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Timber Engineering – General Introduction

Sven Thelandersson

1.1 Timber – our oldest building material

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1.2 Modern timber construction

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1.3 The timber frame building concept

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1.4 Large-scale timber construction

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1.1 TIMBER – OUR OLDEST BUILDING MATERIAL

Protection and shelter against wind, rain and cold is a very basic need for mankind. Since ancient times, wood has been the most important material used for this purpose. In developed cultures, the art of house construction was already quite advanced several thousand years ago. Figure 1.1 shows an archaeological reconstruction of a so-called long house in Central Europe from 3000 BC (Kuklik, 2000). The width of this type of house was in the range of 5.5–7 m and the length varied from 20–45 m. The main structural elements were made from round timber. This can be seen as an early example of a timber framed house, which in

various forms has been used ever since, especially in forested regions. Some parts of Asia have a very long history of timber construction. In Japan the oldest tim- ber structure still in existence is from the seventh century (Yasumura, 2000). A typical historical tim- ber building is the three storey pagoda, shown in Figure 1.2. This building, which still exists, was constructed in 730 AD. It has a double roof in each storey supported by a central wooden pole. Another region with a long tradition of tim- ber construction is Scandinavia, where wood is a resource that has always been easily available. The oldest existing timber building in Scandinavia is the Borgund church in Norway, built in the twelfth century (see Figure 1.3). The load-bearing

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Timber Engineering

2 Timber Engineering Figure 1.1 Archaeological reconstruction of long house from 3000 BC (Reproduced from Kuklik,

Figure 1.1 Archaeological reconstruction of long house from 3000 BC (Reproduced from Kuklik, 2000 by permission of Petr Kuklik, Prague University)

2000 by permission of Petr Kuklik, Prague University) Figure 1.2 Three storey pagoda, Yakusiji Toto, built

Figure 1.2 Three storey pagoda, Yakusiji Toto, built 730 (Yasemura, 2000). (Reproduced by permission of M. Yasemura)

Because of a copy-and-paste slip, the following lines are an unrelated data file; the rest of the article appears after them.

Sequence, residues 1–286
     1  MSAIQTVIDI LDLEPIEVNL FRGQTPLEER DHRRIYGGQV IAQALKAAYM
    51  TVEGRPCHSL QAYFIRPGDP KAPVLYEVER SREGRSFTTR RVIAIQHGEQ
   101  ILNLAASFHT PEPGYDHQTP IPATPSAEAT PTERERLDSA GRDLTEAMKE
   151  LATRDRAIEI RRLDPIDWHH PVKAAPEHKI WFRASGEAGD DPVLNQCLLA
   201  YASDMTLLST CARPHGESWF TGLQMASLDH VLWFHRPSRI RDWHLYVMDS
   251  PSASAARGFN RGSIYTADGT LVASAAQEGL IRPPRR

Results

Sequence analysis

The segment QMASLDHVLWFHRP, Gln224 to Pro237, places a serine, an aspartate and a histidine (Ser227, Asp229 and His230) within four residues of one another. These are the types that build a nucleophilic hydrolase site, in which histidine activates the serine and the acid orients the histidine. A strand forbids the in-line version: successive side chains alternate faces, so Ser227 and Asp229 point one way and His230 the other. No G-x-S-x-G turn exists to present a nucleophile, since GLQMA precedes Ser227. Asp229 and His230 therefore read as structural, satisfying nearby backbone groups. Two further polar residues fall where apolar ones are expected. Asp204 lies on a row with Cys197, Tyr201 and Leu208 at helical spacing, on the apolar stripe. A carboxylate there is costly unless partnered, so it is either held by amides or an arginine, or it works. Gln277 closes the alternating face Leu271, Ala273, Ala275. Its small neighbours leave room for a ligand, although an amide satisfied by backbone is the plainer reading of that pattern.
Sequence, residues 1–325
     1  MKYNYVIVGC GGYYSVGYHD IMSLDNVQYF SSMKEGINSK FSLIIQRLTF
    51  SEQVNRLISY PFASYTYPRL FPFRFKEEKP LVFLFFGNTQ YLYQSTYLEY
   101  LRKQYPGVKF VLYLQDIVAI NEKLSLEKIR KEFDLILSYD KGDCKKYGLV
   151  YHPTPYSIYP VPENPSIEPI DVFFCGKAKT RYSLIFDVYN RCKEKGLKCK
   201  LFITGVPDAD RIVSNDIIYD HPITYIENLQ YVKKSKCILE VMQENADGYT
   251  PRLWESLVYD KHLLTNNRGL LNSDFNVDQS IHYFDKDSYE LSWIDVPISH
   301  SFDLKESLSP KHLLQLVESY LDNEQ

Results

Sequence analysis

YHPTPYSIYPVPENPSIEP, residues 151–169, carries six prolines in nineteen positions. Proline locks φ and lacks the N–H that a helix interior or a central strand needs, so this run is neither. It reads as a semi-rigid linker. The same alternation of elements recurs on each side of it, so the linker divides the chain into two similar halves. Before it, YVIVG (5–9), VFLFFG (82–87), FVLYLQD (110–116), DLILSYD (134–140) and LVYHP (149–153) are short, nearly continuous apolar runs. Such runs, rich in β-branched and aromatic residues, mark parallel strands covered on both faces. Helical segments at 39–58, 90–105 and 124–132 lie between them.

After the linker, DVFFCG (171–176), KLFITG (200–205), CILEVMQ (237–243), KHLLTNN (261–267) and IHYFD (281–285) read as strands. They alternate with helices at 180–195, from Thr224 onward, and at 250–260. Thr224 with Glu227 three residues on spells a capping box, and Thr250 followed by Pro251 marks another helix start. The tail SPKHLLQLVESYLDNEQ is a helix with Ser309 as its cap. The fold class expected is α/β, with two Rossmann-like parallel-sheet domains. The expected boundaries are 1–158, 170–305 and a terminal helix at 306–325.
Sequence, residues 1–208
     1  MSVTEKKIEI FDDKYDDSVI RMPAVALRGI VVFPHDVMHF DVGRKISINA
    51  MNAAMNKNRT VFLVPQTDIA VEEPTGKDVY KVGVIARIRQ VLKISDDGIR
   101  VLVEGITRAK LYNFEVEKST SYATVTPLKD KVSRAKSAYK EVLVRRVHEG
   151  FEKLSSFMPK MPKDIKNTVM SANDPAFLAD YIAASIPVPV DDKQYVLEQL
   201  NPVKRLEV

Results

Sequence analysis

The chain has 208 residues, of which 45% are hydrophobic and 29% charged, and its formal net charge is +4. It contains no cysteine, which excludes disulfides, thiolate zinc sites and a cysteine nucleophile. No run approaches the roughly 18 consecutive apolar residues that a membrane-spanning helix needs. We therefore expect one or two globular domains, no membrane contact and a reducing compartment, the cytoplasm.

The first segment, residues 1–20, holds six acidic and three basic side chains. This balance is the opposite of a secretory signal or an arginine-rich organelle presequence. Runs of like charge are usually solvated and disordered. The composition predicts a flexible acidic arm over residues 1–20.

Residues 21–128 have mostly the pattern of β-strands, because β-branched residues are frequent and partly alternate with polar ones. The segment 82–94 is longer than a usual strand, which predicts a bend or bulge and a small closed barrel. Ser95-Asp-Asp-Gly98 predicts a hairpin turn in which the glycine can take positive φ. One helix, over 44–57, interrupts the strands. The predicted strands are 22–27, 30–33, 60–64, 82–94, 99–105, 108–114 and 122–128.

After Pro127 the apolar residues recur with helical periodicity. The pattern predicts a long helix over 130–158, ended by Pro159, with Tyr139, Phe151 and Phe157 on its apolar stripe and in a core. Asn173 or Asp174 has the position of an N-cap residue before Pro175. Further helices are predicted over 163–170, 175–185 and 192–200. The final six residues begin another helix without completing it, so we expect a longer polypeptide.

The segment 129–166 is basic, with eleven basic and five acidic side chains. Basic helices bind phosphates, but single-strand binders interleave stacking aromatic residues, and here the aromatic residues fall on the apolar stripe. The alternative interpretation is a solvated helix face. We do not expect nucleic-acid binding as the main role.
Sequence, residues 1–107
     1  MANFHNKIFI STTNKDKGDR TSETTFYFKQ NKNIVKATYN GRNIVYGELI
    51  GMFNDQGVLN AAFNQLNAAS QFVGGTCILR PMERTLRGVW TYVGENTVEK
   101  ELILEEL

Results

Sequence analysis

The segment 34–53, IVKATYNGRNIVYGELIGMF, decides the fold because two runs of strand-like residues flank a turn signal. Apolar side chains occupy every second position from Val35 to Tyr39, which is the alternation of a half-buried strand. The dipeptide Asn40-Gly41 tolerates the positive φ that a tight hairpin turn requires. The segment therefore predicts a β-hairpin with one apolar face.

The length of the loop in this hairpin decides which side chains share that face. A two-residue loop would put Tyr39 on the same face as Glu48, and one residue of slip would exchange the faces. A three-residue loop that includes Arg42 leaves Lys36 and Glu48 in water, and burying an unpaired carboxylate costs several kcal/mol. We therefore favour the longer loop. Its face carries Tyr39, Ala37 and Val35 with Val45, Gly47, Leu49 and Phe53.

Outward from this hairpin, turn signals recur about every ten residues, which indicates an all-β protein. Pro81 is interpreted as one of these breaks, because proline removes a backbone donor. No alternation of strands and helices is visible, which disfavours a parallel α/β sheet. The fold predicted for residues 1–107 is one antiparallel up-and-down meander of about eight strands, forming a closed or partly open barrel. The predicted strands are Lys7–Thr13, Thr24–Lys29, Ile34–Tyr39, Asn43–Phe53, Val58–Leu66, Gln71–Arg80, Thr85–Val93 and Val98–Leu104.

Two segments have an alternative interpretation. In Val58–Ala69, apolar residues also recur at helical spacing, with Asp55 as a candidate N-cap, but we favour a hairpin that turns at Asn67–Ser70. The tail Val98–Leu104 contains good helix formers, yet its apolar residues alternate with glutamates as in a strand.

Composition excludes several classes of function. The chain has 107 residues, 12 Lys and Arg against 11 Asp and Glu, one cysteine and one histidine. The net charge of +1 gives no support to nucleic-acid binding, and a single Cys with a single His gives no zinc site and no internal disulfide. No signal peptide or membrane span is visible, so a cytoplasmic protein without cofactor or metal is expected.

structure is a three-dimensional frame with round- wood poles and horizontal timber trusses con- nected by semi-rigid arch-shaped joints.

trusses con- nected by semi-rigid arch-shaped joints. Figure 1.3 (Photo: Lund University) Borgund church, Norway,

Figure 1.3

(Photo: Lund University)

Borgund church, Norway, twelfth century

Another important application for timber con- struction is bridges. Before the emergence of mod- ern structural materials such as steel and concrete, timber was the dominating structural material in bridge construction. In 55 BC, the emperor Julius Caesar had a 140 m long temporary timber bridge built across the Rhine (Figure 1.4). The bridge was 5–6 m wide, and allowed two lane traffic. Only 10 days were needed to complete the bridge (Tim- ber Bridges, 1996). One of the oldest existing timber bridges is the 222 m long Chapel Bridge in Luzern, Switzerland, which was built in 1333 (Stadelmann, 1990). This bridge is a well-known tourist attraction. As with many other bridges in Switzerland, it is covered by a roof, which effectively protects the wood from biological deterioration. Unfortunately, the bridge was partly destroyed by a fire in 1993, but has been rebuilt in its original form (see Figure 1.5). Although historic timber structures have disap- peared to a greater degree than, for example, struc- tures made of stone, these examples show that timber has excellent durability provided that the structures are properly designed and maintained. One aspect of long-term durability of timber struc- tures is that they are often designed in such a way that damaged elements can easily be replaced. The fact that timber has been used extensively as a building material for a very long time does not mean that we have a deep scientific understanding